Federal Reserve Chair Janet Yellen took some people off guard last month when she gave a downbeat assessment of the U.S. housing market.
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“It remains very depressed, housing starts below levels that seem consistent with underlying demographics,” said Yellen in response to a question during the press conference following the September meeting of the Fed.
She added, “especially in an economy that’s creating jobs and we have lots of people who are still doubled up and demand for housing should be there and should materialize as the job market improves and income growth improves.”
The problem is it’s not materializing fast enough to give the U.S. economy the extra boost it needs. The number of new households being created (which by definition means occupied homes or apartments) has exploded past the number of homes being built, as observed by Yellen’s predecessor Ben Bernanke during a recent appearance on FOX Business Network’s Mornings With Maria.
“I mean, right now, in fact, housing construction is below the level needed to provide shelter for a growing population.” Last year, 2.2 million new households were formed compared to 884,000 new housing units, according to government data provided to FOXBusiness.com from the Hutchins Center on Fiscal and Monetary Policy at Brookings, where Bernanke is a Distinguished Fellow in Residence. Longer term the data is also coming up short, from 2009 to 2014, there were 5.9 million new households formed and 4.3 million new housing units completed.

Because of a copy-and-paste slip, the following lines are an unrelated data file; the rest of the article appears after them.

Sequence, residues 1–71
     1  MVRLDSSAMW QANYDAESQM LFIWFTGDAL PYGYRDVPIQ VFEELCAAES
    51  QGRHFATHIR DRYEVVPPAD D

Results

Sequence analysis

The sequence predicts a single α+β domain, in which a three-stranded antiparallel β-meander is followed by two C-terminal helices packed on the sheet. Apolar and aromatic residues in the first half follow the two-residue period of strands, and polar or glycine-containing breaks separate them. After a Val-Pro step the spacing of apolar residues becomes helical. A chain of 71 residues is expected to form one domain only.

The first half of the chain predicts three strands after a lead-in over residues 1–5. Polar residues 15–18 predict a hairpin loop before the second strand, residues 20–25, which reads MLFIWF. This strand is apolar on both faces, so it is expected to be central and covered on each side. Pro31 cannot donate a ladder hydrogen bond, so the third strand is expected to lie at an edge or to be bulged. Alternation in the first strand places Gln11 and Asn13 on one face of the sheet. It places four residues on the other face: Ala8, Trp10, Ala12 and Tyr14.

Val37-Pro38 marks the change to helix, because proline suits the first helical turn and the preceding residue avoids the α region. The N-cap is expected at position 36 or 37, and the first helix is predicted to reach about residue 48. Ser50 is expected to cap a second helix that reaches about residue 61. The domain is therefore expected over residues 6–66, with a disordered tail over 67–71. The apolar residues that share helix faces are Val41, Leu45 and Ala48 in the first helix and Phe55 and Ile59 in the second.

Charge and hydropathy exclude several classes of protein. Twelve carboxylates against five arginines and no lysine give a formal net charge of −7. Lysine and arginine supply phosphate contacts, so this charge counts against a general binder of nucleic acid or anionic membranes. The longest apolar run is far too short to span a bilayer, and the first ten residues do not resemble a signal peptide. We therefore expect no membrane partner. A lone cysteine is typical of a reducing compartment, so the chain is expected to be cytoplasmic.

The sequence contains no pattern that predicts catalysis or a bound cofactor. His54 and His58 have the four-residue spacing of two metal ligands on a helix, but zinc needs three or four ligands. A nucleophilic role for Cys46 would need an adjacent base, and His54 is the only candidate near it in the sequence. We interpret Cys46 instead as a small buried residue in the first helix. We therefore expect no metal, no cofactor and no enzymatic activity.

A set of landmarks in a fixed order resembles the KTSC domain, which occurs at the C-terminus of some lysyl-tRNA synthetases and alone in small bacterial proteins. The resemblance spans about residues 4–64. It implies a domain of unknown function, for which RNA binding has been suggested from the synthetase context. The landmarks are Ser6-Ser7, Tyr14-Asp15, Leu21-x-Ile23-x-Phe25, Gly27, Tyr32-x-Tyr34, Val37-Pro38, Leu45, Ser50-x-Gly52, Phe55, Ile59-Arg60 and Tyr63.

And through the 2Q 2015, home ownership for households under 35 was ranked the lowest at just 35% compared to78% for the largest segment, households ages 65+ years, according to the Department of Commerce’s Census Bureau.
“It hasn’t become a problem but it will soon be one,” said David Crowe, chief economist at the National Association of Home Builders (NAHB), during an interview with FOXBusiness.com. Typically housing leads out of a recession, fueled by low interest rates, which have remained near zero since 2008.
However, the U.S. is not seeing that for several reasons, notes Crowe. Financing is still hard to obtain for developers and builders, especially among community banks that got burned during the financial downturn. Also, more individuals, especially older millennials, are choosing apartments as evidenced in U.S. existing home sales in September, which rose 4.7%.
“These households either can’t or don’t want to own.” observed Crowe.
Apartment dwellers may be keeping a lid on economic growth. Every single-family house built equals one year of work for three people, according to the NAHB. Plus, you have mortgage lending, which benefits the banks and other big ticket purchases such as appliances and furniture. Not to mention taxes.
Although the recovery is slow, Crowe is optimistic housing will turn a corner. “Damage to the economy and housing [during the financial crisis] was severe; it’s just taking longer to rebound.”